The glittering ensemble of Lord Buddha’s noble disciples including the Eighty Great Ones were personages virtually all of whom displayed on outstanding individual characteristic of their own, rendering the entire Order a veritable spectrum of unparalleled iridescence. They left behind a legacy of sheer moral inspiration for all humankind to extol till wisdom persists on earth.
One among them, though not in the cluster of the resplendent Eighty was Arahant Chakkhupala known as Palitha or Mahapala in lay life who adorns the first page of that revered handbook of every Buddhist the Dhammapada, ‘Treasury of Truth’. Ironically the celebrated monk’s life-story was chosen by the Blessed One to illumine the basic tenet of the world that mind is the forerunner of all deeds evil.
As a wealthy layman of Savatthi he once accompanied the townsfolk to pay a visit to Jetawanaramaya. Of all the crowd that was present, the Blessed One perceived the imminent blossoming of Mahapala’s accumulated merit and delivered the unfailing preachment embodying the sequential path of charity, rectitude, ascension to the heavens, discernment of base desires and their superficiality ending with the incomparable bliss of renunciation that drives beings to embrace the unique state of homelessness.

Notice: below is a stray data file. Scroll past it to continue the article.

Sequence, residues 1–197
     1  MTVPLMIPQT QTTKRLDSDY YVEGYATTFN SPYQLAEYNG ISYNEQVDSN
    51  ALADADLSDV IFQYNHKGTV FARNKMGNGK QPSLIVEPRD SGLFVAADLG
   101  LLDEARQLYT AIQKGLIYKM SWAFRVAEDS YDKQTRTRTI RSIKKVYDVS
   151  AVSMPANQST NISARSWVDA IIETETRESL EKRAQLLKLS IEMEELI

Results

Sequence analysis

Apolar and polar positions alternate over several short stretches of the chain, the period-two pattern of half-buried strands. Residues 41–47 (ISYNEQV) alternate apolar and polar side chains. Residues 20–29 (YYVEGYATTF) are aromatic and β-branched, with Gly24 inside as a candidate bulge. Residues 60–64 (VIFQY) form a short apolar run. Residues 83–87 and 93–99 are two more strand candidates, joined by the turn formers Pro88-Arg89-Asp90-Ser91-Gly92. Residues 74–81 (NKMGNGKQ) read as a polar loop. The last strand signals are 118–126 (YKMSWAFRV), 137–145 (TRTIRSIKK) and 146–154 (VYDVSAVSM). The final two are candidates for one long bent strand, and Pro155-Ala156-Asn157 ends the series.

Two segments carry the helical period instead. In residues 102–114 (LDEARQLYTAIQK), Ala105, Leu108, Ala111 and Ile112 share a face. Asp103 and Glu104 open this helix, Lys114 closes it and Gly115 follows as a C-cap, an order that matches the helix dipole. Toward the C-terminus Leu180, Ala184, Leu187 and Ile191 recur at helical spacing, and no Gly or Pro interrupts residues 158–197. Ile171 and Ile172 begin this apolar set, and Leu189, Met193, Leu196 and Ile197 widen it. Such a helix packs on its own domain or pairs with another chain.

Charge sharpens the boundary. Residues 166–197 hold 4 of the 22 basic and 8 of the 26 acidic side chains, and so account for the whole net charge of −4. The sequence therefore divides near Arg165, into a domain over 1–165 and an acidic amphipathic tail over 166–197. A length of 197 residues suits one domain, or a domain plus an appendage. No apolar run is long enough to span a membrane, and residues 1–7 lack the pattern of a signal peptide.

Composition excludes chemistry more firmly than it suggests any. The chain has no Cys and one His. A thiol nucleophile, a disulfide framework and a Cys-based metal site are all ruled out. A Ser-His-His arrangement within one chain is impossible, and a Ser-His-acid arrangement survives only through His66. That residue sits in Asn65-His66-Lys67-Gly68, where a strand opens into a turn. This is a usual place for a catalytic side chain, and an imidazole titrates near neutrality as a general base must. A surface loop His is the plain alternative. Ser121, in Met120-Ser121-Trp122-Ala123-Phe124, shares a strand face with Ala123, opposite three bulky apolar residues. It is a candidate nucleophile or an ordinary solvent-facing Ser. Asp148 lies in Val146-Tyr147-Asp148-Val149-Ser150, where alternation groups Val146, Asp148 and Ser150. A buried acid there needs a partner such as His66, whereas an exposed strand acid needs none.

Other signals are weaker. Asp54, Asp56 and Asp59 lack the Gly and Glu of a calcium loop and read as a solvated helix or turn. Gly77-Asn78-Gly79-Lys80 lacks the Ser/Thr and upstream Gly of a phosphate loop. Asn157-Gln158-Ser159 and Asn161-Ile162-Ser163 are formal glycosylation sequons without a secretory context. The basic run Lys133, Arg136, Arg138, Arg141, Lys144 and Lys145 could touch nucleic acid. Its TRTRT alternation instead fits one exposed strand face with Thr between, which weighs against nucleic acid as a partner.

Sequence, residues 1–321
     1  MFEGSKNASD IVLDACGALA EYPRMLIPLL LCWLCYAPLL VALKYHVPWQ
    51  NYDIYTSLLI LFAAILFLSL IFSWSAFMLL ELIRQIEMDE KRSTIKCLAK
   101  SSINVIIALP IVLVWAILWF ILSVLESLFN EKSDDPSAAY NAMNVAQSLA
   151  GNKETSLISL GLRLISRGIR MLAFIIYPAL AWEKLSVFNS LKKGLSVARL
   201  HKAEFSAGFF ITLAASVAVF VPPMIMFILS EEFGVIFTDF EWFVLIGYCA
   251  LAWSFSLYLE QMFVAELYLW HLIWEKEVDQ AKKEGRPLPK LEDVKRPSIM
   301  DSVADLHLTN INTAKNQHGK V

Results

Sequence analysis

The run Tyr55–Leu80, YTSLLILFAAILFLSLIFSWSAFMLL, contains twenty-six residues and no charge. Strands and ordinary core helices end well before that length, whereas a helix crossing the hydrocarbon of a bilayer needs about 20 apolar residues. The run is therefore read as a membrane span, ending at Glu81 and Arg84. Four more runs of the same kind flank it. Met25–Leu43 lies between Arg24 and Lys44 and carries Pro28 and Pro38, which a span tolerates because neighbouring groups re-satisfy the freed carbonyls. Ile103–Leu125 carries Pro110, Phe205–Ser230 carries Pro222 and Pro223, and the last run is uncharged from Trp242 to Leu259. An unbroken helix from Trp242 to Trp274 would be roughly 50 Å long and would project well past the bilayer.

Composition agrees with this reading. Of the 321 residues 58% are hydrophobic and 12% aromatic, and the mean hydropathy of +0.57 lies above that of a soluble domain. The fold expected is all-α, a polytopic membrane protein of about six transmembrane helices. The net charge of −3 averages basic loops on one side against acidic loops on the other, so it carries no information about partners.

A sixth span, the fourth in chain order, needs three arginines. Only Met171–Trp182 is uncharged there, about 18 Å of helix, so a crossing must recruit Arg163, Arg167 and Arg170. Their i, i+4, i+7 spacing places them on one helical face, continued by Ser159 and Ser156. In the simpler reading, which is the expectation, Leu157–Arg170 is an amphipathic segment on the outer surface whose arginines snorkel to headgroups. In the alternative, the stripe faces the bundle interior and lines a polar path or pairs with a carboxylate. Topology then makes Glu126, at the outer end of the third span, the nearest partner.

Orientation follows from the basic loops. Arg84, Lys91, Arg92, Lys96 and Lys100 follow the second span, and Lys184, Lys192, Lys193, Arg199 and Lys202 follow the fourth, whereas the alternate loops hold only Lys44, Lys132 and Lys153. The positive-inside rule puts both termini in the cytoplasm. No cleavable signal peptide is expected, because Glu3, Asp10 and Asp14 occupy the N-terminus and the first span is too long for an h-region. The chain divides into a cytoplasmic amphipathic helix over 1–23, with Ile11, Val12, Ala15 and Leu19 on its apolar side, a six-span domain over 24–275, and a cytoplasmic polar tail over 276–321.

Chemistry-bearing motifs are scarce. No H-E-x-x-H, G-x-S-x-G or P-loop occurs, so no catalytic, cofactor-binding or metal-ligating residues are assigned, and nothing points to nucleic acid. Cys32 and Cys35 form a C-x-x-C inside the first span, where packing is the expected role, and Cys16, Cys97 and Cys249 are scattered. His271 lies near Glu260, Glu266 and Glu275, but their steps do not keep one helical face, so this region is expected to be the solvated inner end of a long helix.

Palitha thought to himself ‘Those who leave this world are never accompanied by their possessions, their dear and loved ones, least of all their own selves pampered an entire lifetime. What purpose is there for me in this lay life, I shall enter the order today’. At close of the sermon as was known to Buddha alone, he rushed upto Him to plead ordination. As was the practice, the Blessed One advised him to gain a relative’s approval for the purpose, which he did from his younger brother beside the latter’s desperate pleas and protests. Having received ordination and higher ordination he spent five years under the guidance of his senior. Being of fairly advanced age now, short of time to engage in the study of the great philosophy, he selected the alternative course and reverentially requested the Blessed One for a meditation topic, which was obliged by Him with a course of instructions leading upto Arahanthood.